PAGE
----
The Serpentine Wall of Separation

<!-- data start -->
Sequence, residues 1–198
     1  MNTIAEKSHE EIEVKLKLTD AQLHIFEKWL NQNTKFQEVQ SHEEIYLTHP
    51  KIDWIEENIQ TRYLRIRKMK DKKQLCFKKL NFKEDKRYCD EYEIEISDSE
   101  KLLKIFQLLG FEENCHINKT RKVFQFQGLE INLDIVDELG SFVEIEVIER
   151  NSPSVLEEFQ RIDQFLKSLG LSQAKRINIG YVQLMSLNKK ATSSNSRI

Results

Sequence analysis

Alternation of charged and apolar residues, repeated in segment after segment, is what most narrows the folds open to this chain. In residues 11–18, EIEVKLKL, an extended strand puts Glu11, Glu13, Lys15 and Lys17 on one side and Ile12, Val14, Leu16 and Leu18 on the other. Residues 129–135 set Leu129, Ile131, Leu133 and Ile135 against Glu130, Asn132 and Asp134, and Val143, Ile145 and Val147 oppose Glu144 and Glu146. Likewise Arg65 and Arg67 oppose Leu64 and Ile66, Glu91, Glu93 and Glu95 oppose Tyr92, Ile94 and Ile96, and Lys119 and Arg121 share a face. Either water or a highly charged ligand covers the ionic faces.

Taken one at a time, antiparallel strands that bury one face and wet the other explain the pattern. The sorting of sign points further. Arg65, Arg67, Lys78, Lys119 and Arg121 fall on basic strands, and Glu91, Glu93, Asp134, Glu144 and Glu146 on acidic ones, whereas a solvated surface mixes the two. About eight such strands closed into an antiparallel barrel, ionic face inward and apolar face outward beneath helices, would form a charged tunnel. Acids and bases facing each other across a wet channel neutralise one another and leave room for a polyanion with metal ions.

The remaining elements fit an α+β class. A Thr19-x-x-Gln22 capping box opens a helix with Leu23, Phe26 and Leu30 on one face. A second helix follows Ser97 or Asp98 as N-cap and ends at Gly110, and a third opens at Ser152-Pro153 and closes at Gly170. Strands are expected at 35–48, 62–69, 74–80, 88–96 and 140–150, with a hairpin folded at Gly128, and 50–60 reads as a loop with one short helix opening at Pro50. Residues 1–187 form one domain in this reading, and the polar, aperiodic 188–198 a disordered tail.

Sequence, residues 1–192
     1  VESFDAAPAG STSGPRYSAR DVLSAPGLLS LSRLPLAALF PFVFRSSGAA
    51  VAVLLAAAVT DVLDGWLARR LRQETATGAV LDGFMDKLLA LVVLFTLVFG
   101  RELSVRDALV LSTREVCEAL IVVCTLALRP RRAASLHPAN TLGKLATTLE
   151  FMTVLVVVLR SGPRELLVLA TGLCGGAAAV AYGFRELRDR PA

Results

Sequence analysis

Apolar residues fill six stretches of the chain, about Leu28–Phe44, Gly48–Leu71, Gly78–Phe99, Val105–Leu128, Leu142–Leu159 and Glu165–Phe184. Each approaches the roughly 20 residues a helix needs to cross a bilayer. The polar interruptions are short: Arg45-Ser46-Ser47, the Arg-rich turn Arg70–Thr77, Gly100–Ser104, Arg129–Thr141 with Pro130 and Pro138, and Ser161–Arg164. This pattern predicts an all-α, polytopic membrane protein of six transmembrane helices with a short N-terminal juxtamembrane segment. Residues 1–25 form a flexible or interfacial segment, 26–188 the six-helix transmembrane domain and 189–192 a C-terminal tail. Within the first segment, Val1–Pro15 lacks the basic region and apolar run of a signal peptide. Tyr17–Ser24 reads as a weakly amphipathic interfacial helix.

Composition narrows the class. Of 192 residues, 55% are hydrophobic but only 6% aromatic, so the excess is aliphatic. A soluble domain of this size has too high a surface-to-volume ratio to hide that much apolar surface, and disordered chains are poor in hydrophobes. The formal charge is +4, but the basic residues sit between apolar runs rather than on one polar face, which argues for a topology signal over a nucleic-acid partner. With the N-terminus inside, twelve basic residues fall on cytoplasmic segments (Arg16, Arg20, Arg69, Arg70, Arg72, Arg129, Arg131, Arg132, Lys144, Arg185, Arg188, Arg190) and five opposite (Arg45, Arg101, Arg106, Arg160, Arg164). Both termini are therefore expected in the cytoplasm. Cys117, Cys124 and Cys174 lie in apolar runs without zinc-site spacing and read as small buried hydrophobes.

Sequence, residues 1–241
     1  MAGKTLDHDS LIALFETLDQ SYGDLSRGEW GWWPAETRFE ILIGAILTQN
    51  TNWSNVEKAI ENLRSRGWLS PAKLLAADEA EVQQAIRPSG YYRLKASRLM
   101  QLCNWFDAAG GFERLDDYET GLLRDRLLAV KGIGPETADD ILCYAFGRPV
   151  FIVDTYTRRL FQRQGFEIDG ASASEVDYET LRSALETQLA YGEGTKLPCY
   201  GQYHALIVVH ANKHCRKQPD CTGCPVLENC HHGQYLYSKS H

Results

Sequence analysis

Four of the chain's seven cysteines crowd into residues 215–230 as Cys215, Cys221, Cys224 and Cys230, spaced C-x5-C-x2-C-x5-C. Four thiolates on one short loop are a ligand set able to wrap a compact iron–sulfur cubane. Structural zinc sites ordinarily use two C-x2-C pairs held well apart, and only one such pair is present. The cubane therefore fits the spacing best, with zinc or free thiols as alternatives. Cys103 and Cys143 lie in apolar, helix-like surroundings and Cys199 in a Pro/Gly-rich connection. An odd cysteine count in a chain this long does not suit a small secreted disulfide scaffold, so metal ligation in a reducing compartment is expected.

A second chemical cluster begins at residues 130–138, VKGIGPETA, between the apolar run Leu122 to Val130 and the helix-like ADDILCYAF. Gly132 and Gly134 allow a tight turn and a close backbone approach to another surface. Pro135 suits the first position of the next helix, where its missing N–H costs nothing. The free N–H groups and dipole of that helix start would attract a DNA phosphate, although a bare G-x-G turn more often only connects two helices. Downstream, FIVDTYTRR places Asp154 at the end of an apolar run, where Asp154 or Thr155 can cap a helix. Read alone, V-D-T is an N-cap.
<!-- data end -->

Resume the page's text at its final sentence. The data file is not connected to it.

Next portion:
The task of separating the secular from the religious in education is one of magnitude, intricacy, and delicacy, Justice Jackson wrote, concurring in McCollum v. Board of Education, the Supreme Court’s first religion in public schools case. “To lay down a sweeping constitutional doctrine” of absolute separation of church and state “is to decree a uniform . . . unchanging standard for countless school boards representing and serving highly localized groups which not only differ from each other but which themselves from time to time change attitudes.” If we persist in this experiment, Justice Jackson warned his brethren, “we are likely to make the legal ‘wall of separation between church and state’ as winding as the famous serpentine wall designed by Mr. Jefferson for the University he founded.” While a majority of the United States Supreme Court embarked on a four-decade project of building this “serpentine wall,” Justice Jackson took little further part in the effort. He continued to regard the separation of church and state as essential to the protection of religious liberty, along with the freedoms of conscience, exercise, and speech. But he had no patience with unilateral or extreme applications of any of these First Amendment principles, not least the principle of separation of church and state. Imprudent application of this latter principle, he wrote, would draw the Court into “passionate dialectics” about “nonessential details” that were often better left to state and local governments to resolve. In his last years on the bench, Jackson thus led the Court in a case that denied standing to a party who argued that religious instruction in a public school violated the separation of church and state. He was the sole dissenter in a church property dispute case, where the Court read the principle of separation to require a state to defer to the internal religious law of the disputants rather than apply its own state laws. He dissented again from the Court’s decision to uphold a public school program that gave students release time to participate in religious events off site. Arguing that this was precisely the kind of case where the principle of separation did apply, he complained: “The wall which the Court was professing to erect between Church and State has become even more warped and twisted than I expected.”